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This Just In ...

Kevin Fischer is a veteran broadcaster, the recipient of over 150 major journalism awards from the Milwaukee Press Club, the Wisconsin Associated Press, the Northwest Broadcast News Association, the Wisconsin Bar Association, and others. He has been seen and heard on Milwaukee TV and radio stations for over three decades. A longtime aide to state Senate Republicans in the Wisconsin Legislature, Kevin can be seen offering his views on the news on the public affairs program, "InterCHANGE," on Milwaukee Public Television Channel 10, and heard filling in on Newstalk 1130 WISN. He lives with his wife, Jennifer, and their lovely young daughter, Kyla Audrey, in Franklin.

Culinary no-no #280


THERE ARE THOUSANDS AND THOUSANDS OF

FOOD BLOGS, BUT ONLY ONE CULINARY NO-
NO!


Sometimes material for Culinary no-no flows into This Just In like scriptures from the Bible, Psalm 78 to be exact:


“and he rained down on them manna to eat and gave them the grain of heaven.
Man ate of the bread of the angels; he sent them food in abundance.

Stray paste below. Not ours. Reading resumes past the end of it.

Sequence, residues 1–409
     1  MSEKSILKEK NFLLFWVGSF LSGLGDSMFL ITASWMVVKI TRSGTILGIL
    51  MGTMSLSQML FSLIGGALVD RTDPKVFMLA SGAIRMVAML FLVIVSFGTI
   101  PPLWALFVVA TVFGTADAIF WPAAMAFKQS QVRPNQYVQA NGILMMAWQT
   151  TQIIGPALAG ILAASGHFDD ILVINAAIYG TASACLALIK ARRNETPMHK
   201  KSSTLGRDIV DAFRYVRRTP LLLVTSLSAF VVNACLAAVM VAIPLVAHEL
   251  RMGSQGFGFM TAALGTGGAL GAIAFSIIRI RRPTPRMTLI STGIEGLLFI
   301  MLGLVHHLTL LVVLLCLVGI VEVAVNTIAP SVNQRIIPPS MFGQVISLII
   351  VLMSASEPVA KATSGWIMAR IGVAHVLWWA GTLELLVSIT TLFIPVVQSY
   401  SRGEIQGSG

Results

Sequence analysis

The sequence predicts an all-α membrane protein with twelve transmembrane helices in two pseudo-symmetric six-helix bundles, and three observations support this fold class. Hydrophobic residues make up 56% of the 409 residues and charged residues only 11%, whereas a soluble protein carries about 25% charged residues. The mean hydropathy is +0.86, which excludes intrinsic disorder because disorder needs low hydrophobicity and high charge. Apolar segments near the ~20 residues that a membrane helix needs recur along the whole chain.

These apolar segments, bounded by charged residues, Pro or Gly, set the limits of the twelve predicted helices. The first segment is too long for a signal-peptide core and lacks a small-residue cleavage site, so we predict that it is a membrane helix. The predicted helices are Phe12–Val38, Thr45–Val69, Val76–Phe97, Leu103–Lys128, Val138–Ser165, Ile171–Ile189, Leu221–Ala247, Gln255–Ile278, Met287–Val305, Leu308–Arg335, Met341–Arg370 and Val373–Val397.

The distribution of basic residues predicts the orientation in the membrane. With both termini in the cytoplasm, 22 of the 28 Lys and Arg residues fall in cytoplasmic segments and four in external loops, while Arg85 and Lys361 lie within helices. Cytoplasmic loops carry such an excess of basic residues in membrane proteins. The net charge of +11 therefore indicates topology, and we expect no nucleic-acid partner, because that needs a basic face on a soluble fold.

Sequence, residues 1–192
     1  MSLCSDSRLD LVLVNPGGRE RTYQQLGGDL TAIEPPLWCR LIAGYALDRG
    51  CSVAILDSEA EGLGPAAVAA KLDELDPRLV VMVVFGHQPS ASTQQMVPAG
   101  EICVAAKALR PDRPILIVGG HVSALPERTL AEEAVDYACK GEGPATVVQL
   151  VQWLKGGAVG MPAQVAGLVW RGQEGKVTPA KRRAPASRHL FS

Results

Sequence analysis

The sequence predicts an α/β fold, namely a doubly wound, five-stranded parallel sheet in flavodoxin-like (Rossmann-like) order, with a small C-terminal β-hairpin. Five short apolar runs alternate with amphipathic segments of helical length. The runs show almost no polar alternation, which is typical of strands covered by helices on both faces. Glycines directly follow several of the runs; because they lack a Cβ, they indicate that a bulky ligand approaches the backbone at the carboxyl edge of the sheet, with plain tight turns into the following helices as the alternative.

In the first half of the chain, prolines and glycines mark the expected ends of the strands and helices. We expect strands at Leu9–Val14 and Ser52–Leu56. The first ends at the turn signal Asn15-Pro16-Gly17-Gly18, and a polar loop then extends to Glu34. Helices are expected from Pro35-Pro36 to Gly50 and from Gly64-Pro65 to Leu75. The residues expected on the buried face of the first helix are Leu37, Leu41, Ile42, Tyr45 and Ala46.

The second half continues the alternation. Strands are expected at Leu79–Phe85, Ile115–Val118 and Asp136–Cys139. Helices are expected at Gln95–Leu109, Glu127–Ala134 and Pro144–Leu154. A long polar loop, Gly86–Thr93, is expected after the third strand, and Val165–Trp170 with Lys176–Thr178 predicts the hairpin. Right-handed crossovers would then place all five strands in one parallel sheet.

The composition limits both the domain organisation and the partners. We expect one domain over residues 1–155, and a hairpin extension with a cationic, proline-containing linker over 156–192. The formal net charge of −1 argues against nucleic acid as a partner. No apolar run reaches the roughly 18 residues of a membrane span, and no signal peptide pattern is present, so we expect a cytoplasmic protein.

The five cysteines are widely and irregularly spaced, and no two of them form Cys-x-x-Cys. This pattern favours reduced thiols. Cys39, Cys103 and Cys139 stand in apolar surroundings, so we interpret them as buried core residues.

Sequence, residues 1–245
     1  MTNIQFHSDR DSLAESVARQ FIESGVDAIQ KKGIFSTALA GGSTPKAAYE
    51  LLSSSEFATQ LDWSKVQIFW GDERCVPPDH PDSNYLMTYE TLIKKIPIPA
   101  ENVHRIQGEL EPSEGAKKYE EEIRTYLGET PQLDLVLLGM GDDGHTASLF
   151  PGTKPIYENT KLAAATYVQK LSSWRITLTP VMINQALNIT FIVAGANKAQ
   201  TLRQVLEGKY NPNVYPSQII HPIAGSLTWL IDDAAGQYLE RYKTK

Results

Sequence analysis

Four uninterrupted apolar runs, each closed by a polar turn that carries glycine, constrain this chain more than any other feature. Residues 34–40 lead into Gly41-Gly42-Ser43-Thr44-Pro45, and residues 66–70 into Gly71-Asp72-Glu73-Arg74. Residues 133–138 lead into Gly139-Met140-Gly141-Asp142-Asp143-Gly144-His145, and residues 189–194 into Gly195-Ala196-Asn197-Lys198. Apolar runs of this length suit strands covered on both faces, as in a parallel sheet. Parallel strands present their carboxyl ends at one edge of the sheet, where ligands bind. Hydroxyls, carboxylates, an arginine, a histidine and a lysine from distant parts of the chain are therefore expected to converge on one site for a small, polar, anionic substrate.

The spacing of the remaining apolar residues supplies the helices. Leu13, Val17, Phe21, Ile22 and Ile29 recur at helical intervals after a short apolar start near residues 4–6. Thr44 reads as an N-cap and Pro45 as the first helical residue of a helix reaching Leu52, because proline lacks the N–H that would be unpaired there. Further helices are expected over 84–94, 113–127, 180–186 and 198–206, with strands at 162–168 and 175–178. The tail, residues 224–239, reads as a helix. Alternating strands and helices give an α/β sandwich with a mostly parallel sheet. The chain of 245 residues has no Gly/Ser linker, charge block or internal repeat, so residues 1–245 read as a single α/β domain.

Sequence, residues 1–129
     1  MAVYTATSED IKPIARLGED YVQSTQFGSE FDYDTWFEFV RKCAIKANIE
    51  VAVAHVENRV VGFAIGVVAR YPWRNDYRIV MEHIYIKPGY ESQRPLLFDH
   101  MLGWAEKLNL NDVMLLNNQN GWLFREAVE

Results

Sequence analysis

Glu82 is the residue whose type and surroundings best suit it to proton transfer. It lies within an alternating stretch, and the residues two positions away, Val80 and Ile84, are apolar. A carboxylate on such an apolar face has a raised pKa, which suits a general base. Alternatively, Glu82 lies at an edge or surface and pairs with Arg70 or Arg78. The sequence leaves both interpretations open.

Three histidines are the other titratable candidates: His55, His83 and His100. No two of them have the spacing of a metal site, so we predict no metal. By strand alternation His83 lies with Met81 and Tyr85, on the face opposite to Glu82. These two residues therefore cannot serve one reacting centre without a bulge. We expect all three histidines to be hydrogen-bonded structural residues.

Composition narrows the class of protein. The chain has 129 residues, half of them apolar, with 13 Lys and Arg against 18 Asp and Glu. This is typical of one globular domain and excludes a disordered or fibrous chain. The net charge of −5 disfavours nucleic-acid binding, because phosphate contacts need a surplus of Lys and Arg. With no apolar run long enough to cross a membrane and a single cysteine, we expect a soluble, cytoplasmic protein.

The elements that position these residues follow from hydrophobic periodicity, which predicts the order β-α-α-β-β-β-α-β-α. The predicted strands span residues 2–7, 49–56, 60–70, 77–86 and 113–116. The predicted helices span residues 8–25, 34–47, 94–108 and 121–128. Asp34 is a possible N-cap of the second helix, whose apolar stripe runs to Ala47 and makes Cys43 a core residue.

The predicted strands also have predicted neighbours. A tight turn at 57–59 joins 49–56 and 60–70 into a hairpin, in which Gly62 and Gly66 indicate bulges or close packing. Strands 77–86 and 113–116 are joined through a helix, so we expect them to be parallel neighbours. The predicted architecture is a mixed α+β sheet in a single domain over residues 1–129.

And they ate and were well filled, for he gave them what they craved.”


A great big gigantic thank you for this week’s installment goes to…




New York mayor Michael Bloomberg.

Hizzoner has proposed making it
illegal for food service establishments such as restaurants, street vendors, sports venues and movie theaters to serve sugary drinks like sodas larger than 16 ounces. Bloomberg’s ban would cover both bottled soda and fountain drinks containing more than 25 calories per eight ounces. Alcohol would not be included nor would fruit juices, diet soda or any beverage that is at least half milk. Grocery stores and convenience stores would be exempt.



New York City to ban sale of large sugary drinks

A woman holds a large soda on a street in New York, New York. Photo: Justin Lane, EPA

Bloomberg claims New York City spends $4 billion a year on health care for overweight residents, and sugary drinks are the biggest cause for an increasing number of obese or overweight New Yorkers.

The Center for Consumer Freedom has taken out this full-page ad in today's New York Times:




 'What's next': The Center of Consumer Freedom will run an advertisement (pictured) portraying Bloomberg as a nanny days after the mayor's announced a proposal to ban large sugary drinks



The mayor attempted to defend his plan during an interview with Matt Lauer on the NBC Today show.

 


This morning on ABC, George Will got in his shots.

 

video platformvideo managementvideo solutionsvideo player


Globally, the soda ban idea has gone flat. 

For the last word, we turn to Jon Stewart...


 




From The Looking Spoon



CULINARY NO-NO BONUSES


Speaking of New York...


Coming to you this summer...


This
never works.


 

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